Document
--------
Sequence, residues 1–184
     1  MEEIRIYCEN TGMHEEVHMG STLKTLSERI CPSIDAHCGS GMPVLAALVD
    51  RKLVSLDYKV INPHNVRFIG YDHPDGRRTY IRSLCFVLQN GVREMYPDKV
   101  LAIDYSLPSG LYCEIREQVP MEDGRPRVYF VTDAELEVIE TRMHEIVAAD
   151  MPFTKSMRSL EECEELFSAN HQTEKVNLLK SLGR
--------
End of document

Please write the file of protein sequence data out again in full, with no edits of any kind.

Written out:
Sequence, residues 1–184
     1  MEEIRIYCEN TGMHEEVHMG STLKTLSERI CPSIDAHCGS GMPVLAALVD
    51  RKLVSLDYKV INPHNVRFIG YDHPDGRRTY IRSLCFVLQN GVREMYPDKV
   101  LAIDYSLPSG LYCEIREQVP MEDGRPRVYF VTDAELEVIE TRMHEIVAAD
   151  MPFTKSMRSL EECEELFSAN HQTEKVNLLK SLGR